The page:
Acclaimed “Raise the Red Lantern” director Zhang Yimou says Asian filmmakers have made great strides but they must broaden their reach for Western audiences.
“Definitely, Asian films are gaining a higher status and making a bigger impact on the world,” the Chinese director told reporters at the Asian Film Awards held in Hong Kong Monday night.
“But Asian filmmakers still have a lot of work to do before they can truly turn their movies into a medium through which ordinary people in other parts of the world can acquire a good understanding of Asian culture.”
Zhang, who directed the opening ceremony of the Beijing Olympics and whose films have catapulted Chinese actresses Gong Li and Zhang Ziyi into international stardom, received the award for outstanding contribution to Asian cinema.
The 58-year-old said his hopes were pinned on a new generation of Asian directors.
“The younger generations will do better (than us). This is a liberal era and an era of diversity… They have the Internet. Their horizon and knowledge are well ahead of their previous generations.”
China and South Korea blitzed the Asian Film Awards by taking home the best picture, best actor, and best actress titles.
“Mother”, a South Korean mystery thriller about a woman’s quest to exonerate her mentally incapacitated son by taking it upon herself to investigate the murder of a teenage girl, grabbed the best film award.
Producer Moon Yang-Kwon said despite the rising status of South Korean filmmakers, it was still difficult to make money out of quality movies.
“Films that do well at box office are often not the best of our works. We must find a way to make art movies that are also blockbusters,” he said.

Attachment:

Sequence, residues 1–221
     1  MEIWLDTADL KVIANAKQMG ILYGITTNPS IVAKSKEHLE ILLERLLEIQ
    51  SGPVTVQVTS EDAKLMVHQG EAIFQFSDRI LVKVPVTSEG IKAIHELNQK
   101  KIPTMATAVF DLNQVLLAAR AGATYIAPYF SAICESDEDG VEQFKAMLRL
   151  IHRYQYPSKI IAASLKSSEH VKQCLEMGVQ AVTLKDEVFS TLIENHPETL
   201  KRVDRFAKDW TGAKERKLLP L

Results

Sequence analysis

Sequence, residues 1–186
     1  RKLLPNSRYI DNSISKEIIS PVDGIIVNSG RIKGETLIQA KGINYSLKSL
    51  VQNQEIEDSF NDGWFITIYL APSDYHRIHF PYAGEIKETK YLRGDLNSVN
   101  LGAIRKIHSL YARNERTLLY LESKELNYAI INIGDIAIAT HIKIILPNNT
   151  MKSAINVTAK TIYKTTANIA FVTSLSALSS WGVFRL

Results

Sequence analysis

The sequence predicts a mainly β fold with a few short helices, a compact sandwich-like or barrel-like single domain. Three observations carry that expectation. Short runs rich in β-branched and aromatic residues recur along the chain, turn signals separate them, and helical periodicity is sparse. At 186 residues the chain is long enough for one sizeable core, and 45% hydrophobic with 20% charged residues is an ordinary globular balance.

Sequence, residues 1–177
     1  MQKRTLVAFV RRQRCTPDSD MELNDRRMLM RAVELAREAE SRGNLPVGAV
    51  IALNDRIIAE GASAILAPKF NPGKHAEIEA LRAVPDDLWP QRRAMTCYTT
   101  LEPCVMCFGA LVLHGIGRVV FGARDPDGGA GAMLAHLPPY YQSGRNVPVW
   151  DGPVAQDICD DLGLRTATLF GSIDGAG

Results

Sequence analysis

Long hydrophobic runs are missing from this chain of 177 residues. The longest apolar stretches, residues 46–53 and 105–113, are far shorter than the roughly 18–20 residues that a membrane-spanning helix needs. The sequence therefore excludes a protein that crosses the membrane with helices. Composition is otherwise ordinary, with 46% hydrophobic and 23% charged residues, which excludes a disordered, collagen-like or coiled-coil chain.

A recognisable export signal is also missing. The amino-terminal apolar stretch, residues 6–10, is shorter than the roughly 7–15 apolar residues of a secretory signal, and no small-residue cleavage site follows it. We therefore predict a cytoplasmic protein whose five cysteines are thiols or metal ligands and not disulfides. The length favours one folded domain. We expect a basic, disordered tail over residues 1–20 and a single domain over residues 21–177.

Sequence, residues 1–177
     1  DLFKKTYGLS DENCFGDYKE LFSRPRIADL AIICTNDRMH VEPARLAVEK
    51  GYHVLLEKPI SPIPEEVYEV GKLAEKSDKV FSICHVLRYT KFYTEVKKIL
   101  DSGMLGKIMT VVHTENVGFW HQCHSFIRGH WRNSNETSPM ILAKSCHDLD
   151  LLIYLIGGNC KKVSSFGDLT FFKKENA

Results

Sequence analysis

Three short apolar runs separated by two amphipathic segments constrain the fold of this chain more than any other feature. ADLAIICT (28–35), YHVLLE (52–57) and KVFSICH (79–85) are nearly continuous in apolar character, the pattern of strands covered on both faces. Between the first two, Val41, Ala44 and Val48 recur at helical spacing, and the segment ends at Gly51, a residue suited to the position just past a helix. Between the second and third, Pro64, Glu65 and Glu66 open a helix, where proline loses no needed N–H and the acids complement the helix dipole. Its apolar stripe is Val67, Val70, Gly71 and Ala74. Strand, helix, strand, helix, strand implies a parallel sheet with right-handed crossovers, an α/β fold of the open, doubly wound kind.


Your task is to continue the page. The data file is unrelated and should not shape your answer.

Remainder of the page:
Kim Hye-Ja, who played the mother in the South Korean drama, beat China’s Li Bingbing and Japan’s Matsu Takako to the best actress award.
Chinese director Lu Chuan won the best director award for his feature film “City of Life and Death”, which tackles the Nanjing Massacre in 1937, when hundreds of thousands of Chinese civilians were killed by Japanese soldiers.
China’s Wang Xueqi won the best actor award for his starring role in “Bodyguards and Assassins” as a businessman who provided financial aid for the revolutionary movement led by Sun Yat-sen in the early 20th century.
Hong Kong singer-cum-actor Nicholas Tse was crowned best supporting actor for his part in “Bodyguards and Assassins”. Tse starred as a rickshaw puller who sacrificed himself to protect Sun Yat-sen from assassins.
Best supporting actress went to Hong Kong television veteran Wai Ying-hung, for playing an emotionally disturbed single mother in “At the End of Daybreak”.
The prize for top-grossing film director for 2009 went to action supremo John Woo for “Red Cliff”, which is reportedly the highest-grossing Chinese-language film in cinema history.
Woo, originally from Hong Kong, is best known for directing Hollywood blockbusters such as “Mission: Impossible II”.
Veteran Indian film producer and actor Amitabh Bachchan, dubbed the “Godfather of Bollywood”, was given the lifetime achievement award.
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